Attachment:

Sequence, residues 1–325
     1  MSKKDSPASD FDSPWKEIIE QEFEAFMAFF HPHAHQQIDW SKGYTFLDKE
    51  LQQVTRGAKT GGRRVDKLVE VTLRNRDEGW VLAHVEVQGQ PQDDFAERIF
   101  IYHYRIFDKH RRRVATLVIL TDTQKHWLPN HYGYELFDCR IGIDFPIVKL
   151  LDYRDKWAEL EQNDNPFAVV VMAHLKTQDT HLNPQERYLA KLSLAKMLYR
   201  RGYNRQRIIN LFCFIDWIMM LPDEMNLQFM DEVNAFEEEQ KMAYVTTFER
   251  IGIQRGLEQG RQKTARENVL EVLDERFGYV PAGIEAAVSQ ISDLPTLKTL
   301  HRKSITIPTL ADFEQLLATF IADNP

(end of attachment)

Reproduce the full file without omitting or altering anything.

Sequence, residues 1–325
     1  MSKKDSPASD FDSPWKEIIE QEFEAFMAFF HPHAHQQIDW SKGYTFLDKE
    51  LQQVTRGAKT GGRRVDKLVE VTLRNRDEGW VLAHVEVQGQ PQDDFAERIF
   101  IYHYRIFDKH RRRVATLVIL TDTQKHWLPN HYGYELFDCR IGIDFPIVKL
   151  LDYRDKWAEL EQNDNPFAVV VMAHLKTQDT HLNPQERYLA KLSLAKMLYR
   201  RGYNRQRIIN LFCFIDWIMM LPDEMNLQFM DEVNAFEEEQ KMAYVTTFER
   251  IGIQRGLEQG RQKTARENVL EVLDERFGYV PAGIEAAVSQ ISDLPTLKTL
   301  HRKSITIPTL ADFEQLLATF IADNP